Monday, February 07, 2005

Despite the fact that my backyard looked like this:



again yesterday, spring really is coming to the Pacific Northwest. We had about an inch of really wet, sloppy snow early Sunday afternoon, to the point where our satellite reception was zilch. This sent Shaun into a fit of panic that he wouldn't be able to see The Game, so he and all the other people he'd invited over decamped and went to another friend's house whose satellite dish was still receiving a signal. Emma and I had a lovely afternoon with the house to ourselves, spent napping and knitting, respectively.

Today, of course, the snow is completely melted and it's in the mid 50's. Emma and I went on a nature walk around our yard this morning, to see what kinds of plants are poking up in our new yard. It's like Christmas, all the surprises! We found----


hydrangea buds popping...


daffodils almost blooming....


lupine leaves unfolding....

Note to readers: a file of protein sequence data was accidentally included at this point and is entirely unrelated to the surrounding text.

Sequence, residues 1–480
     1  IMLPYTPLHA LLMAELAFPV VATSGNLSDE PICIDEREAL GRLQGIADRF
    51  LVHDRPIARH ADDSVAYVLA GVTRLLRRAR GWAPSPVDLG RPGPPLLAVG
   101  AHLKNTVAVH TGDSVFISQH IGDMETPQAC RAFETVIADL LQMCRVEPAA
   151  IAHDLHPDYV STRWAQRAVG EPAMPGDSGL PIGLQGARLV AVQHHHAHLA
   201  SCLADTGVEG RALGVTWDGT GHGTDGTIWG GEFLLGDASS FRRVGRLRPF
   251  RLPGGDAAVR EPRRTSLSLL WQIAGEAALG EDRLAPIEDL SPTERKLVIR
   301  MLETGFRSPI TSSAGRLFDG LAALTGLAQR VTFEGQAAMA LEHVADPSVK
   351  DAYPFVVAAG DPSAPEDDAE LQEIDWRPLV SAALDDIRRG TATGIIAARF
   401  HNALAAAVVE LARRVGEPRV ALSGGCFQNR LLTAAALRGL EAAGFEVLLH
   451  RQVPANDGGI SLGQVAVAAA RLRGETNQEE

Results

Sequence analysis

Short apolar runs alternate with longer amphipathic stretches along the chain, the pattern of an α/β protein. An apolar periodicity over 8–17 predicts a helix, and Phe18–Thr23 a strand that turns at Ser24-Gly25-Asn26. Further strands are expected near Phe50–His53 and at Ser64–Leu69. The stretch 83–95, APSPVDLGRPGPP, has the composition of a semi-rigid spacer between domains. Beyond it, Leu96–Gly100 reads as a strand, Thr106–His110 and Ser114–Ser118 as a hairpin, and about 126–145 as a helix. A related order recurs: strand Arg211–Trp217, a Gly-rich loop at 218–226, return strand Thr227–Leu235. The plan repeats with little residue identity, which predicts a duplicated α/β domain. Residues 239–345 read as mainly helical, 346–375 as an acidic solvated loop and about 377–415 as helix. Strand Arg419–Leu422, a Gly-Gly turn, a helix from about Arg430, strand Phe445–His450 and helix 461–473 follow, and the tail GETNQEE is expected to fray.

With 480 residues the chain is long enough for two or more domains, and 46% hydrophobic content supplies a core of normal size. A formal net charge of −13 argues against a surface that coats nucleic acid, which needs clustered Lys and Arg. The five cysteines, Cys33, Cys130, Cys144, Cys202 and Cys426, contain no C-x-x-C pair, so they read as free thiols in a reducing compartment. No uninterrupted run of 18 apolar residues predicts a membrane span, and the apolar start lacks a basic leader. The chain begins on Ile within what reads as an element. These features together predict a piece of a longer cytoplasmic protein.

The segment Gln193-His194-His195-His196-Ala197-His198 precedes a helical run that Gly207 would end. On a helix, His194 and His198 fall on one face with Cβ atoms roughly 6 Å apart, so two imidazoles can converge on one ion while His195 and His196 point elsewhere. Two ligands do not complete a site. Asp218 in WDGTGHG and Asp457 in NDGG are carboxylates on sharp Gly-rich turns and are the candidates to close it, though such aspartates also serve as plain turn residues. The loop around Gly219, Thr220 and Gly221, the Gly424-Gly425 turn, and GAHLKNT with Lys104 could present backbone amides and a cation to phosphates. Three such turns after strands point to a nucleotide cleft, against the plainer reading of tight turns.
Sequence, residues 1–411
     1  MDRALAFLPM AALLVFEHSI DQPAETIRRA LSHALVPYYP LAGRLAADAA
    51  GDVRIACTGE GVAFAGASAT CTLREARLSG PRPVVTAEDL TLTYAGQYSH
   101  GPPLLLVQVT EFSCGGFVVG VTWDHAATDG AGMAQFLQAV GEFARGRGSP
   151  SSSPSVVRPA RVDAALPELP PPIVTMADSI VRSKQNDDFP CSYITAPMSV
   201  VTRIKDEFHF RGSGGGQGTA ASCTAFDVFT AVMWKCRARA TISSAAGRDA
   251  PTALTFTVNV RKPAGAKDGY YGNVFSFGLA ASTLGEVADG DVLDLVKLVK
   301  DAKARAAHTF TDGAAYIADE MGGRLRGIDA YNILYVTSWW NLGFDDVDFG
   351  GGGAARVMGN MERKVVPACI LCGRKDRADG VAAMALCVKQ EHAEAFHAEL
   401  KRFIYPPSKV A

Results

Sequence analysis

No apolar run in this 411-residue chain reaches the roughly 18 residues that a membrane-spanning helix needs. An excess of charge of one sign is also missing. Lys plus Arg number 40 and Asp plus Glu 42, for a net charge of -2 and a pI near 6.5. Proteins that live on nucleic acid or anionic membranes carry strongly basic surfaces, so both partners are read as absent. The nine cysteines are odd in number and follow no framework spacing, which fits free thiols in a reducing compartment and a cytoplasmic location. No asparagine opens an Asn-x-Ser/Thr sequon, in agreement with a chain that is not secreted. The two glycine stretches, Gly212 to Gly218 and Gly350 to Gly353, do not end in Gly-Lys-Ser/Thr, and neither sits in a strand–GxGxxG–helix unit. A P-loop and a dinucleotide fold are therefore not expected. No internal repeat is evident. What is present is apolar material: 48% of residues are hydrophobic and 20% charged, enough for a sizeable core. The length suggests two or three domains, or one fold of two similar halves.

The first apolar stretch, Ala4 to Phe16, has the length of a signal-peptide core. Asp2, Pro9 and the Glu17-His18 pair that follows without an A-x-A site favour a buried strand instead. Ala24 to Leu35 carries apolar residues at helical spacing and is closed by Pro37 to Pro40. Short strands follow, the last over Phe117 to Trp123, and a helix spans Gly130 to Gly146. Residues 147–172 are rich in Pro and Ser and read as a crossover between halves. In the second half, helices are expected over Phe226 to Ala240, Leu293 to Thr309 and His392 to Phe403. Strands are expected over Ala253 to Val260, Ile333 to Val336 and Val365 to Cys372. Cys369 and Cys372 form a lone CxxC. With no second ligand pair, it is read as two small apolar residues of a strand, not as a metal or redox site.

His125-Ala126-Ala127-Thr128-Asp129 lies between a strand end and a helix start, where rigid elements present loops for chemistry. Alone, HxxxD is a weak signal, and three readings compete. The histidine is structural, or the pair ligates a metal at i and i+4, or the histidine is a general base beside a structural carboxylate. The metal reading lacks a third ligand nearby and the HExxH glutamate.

and many more leafy green things. The former owners of the house did a fairly decent job of landscaping. There are iris, heather, lavender, rosemary, wooly thyme, oregano, daisies, poppies, allium, snapdragons, gladiolus, and I don't know what all else. It'll be fun seeing it all come into bloom.

I got lots more knitted on the handspun alpaca shawl this weekend. I'm on the last pattern repeat, then I just have to do the top border. Yay! I also spun 4 more ounces of the Ramb x Cormo. I only have four ounces left of the first batch of carded fiber, then I'll have to do up some more.

I almost succumbed to the temptation of swatching the finished Ramb x Cormo yarn, but I resisted. I need to finish the shawl first.

2 comments:

Maryellen said...

Wow all your plants are poping out already. What gerdening or planting zone is the pacfic north west? I've never been there but I think I'd like it.

Sue said...

We're in Zone 7 or 8, depending what map you look at. I find that really funny, because it's the same Zone as when I lived in central North Carolina! Here on the island, though, the climate is much more moderate because of all the water around us- the winters are warmer and the summers are cooler. It's great for gardens, though the summers are fairly dry.